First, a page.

The study's findings are consistent with those of prior analyses similarly reporting a decrease in traffic fatalities following the implementation of medical cannabis access, including reductions in motor vehicle accidents involving drivers under the influence of alcohol and opioids.

Full text of the study, "Medical cannabis and automobile accidents: Evidence from auto insurance," appears in Health Economics.

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Study: Long-Term Cannabis Use Associated with Reduced Prescriptions, Improved Symptoms in Cancer Patients

Haifa, Israel: The use of cannabis products over a six-month period is associated with statistical improvements in cancer-related symptoms as well as significant reductions in subjects’ use of prescription painkillers, according to longitudinal data published in the journal Frontiers in Pain Research.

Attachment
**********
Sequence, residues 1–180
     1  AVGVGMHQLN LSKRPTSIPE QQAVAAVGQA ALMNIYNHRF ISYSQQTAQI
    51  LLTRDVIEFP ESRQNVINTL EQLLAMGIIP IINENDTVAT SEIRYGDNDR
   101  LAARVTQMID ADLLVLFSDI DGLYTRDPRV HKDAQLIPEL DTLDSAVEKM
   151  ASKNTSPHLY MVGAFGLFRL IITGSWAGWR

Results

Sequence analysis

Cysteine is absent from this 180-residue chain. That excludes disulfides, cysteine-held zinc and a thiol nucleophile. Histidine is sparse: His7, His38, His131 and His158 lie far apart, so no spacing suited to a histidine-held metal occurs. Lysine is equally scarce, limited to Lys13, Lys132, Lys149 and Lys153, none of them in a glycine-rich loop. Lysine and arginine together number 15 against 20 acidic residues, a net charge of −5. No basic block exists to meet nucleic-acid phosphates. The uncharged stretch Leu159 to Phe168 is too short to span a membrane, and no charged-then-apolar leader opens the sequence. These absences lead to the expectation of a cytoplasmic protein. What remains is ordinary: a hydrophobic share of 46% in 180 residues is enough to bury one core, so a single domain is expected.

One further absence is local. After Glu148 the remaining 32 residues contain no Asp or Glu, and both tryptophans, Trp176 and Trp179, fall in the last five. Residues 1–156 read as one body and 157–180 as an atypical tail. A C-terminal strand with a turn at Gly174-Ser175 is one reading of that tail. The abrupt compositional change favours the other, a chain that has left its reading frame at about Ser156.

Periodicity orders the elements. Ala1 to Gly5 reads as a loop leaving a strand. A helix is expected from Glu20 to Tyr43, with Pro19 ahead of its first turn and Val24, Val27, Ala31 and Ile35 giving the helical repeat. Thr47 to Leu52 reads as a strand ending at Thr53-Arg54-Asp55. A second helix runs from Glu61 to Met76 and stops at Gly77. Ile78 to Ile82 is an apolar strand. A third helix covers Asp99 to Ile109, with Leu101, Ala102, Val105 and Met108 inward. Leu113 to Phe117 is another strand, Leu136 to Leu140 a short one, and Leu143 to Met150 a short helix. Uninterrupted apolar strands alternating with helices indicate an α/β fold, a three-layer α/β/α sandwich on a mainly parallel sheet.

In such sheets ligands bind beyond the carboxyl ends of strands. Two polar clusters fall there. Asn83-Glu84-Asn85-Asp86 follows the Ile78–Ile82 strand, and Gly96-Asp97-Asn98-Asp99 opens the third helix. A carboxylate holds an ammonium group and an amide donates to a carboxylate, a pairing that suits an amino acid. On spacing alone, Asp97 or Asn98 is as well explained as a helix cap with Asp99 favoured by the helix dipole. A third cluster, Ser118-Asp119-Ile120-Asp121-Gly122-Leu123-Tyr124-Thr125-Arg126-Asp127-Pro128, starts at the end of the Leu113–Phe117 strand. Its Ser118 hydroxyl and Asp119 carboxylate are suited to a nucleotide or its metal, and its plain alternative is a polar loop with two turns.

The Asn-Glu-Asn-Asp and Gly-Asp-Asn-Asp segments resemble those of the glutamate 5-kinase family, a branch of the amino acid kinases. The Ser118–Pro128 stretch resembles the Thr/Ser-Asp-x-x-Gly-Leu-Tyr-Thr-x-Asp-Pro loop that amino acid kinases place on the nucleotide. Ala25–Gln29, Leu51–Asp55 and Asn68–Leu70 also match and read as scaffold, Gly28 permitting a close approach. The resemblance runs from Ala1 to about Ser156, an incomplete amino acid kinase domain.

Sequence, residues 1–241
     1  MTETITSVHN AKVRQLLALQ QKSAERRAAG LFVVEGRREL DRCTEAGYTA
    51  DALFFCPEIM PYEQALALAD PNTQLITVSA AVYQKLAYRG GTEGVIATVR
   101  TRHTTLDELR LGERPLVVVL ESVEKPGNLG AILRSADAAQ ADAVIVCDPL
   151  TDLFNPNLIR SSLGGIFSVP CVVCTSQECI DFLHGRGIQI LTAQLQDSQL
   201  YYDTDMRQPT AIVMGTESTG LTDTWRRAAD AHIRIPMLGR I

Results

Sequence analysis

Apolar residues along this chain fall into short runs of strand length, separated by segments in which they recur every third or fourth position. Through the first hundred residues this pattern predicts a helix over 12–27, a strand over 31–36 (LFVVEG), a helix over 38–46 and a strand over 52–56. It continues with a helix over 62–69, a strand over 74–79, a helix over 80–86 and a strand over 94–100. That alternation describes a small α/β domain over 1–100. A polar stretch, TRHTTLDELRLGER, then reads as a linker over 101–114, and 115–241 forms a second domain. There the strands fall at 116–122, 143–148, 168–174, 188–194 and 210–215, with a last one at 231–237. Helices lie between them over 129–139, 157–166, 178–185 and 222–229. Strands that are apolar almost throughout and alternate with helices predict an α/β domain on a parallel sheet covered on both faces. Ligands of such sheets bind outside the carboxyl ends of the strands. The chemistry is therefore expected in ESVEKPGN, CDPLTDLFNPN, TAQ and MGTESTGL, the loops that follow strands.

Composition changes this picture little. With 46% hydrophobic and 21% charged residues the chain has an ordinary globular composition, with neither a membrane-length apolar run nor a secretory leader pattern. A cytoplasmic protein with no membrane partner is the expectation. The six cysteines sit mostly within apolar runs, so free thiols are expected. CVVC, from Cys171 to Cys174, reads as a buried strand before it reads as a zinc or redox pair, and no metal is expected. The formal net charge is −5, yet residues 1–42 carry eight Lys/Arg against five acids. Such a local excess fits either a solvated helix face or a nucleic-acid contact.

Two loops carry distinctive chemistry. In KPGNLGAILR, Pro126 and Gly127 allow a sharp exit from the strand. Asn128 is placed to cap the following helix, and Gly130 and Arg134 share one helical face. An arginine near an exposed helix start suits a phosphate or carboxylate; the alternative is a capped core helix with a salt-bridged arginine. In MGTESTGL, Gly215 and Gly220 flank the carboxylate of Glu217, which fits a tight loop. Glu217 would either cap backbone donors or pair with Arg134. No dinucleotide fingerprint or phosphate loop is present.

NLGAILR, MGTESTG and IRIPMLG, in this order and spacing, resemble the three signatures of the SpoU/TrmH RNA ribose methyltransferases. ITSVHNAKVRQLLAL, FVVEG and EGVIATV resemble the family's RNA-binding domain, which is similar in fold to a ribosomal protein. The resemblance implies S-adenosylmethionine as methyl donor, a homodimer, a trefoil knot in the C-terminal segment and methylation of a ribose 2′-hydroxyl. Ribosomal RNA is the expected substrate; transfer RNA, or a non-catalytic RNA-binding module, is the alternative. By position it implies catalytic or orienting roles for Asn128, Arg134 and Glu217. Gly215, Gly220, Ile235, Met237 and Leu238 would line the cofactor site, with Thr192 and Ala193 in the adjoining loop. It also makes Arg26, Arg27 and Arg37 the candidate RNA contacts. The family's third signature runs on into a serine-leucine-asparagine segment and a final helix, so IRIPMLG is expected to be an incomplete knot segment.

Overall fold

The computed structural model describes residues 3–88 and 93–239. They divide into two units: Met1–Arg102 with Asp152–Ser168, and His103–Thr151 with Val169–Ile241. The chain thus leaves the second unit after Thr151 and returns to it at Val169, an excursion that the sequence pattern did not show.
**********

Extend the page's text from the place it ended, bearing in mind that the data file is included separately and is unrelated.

Israeli researchers assessed the long-term use of cannabis in a cohort of several hundred oncology patients.

Consistent with studies of other patient cohorts, cannabis use was associated with symptom mitigation, improved quality of life, and reduced prescription drug use. Among those participants who completed the trial, nearly half ceased their use of analgesics.